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“Ask a Priest: Why Didn’t Jesus Tell Martha to Stop Working?”
Q: My 10-year-old granddaughter asked me the Gospel passage about Our Lord visiting Martha and Mary: “When Jesus told Martha that Mary had chosen the better path because she was listening to him and not working, why didn’t Jesus also tell Martha to stop working and listen to him? It sounds to me like, even though Jesus told Martha off for working, he still wanted her to make his lunch for him.” My granddaughter won’t be fobbed off with flannelly explanations. And I would very much like to provide one that makes sense to her. I would be grateful for any advice. – H.J.
Answered by Fr. Edward McIlmail, LC
A: It sounds as though you have a sharp granddaughter!
This can be a puzzling scene in the Gospels, no doubt. It’s certainly a rich one — and one helped inspire the title of a colleague’s prayer resource (see The Better Part).
Perhaps a few observations might help here.
First, Martha’s statements are keys for understanding the passage: “Lord, do you not care that my sister has left me by myself to do the serving? Tell her to help me” (Luke 10:40). [italics mine]
Notice that Martha seems to assume the worst of Jesus here — that he doesn’t care about her. In fact, Jesus cares about everyone and died on a cross for the redemption of all of us.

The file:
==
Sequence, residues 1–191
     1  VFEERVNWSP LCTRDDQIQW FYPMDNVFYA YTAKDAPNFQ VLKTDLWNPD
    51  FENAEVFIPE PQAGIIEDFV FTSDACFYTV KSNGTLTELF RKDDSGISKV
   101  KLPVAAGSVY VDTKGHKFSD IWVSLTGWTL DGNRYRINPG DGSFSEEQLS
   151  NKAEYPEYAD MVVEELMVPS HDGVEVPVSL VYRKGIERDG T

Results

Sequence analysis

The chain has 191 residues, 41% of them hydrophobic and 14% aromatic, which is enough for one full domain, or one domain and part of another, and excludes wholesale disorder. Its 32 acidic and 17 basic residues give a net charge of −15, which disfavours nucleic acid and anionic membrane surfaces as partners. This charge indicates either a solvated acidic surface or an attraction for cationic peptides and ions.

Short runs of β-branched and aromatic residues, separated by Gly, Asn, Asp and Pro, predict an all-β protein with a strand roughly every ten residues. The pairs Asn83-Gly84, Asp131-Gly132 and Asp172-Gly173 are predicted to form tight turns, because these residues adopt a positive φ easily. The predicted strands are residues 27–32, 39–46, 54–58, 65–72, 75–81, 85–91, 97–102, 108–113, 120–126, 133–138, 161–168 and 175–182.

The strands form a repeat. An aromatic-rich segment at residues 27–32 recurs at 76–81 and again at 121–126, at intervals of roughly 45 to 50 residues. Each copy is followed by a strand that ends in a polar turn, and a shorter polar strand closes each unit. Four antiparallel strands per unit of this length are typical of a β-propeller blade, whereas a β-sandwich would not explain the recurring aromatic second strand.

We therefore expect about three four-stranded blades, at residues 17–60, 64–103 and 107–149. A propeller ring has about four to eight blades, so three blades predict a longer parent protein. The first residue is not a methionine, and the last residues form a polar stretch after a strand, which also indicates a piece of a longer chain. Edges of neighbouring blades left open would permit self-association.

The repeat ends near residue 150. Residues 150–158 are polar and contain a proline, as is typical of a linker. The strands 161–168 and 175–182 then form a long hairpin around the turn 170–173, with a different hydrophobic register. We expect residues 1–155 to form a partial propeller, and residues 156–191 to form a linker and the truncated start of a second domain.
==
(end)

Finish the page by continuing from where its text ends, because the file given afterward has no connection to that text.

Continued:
Also, Martha presumes to give Our Lord a command, as though she’s wiser than he is. Some people still think they know better than God and can tell him how to run things.
The fact that Martha speaks so bluntly with Jesus indicates that this is probably not his first encounter with the sisters. He might have been a guest at their house previously.
Hospitality was and is an important part of life in the Mideast. To be so outspoken with a first-time house guest would have been unthinkable.
In other words, Martha felt comfortable complaining to Jesus because she already was familiar with him. And this leads to the next point.
Someone who was familiar with Jesus yet thought that he “didn’t care” was probably not paying enough attention to what he was actually saying. Martha should have caught on to Jesus’ message and realized how loving and caring a person he was.
Instead, Martha might have been only half-listening to Jesus and was more focused on activism. Mary, instead, had listened to Jesus attentively and learned to hang on every word he spoke. This is why she sits beside him and pays so much attention to him.
Jesus’ gentle chiding of her sister (“Martha, Martha …”) was a way to lift her sights.
Our Lord’s nudge seemed to work, because Martha eventually caught on to the depth of his message. Her dialogue with him in John 11 after the death of her brother Lazarus shows theological acumen. So she certainly made up for some of her earlier activism.
One other observation: the scene of Mary and Martha, like a lot of things in Catholicism, is not an either-or situation but, rather, and-both. Someone obviously had to prepare the meal; hence, Martha’s work was needed. Still, the main focus should have been on Jesus, not the food.
Being Catholic involves serving others and listening to Jesus.
In any case, hospitality involves more than preparing a meal. It also involves making a guest feel welcome. Martha and Mary both had something to contribute to Jesus; that’s why he didn’t tell Martha to drop everything. He did, however, want her to do her part with a bit more good will.
There are certainly other insights that could be mined from the Martha-and-Mary incident.
I hope that some of the points above will be helpful for your astute granddaughter. Count on my prayers.
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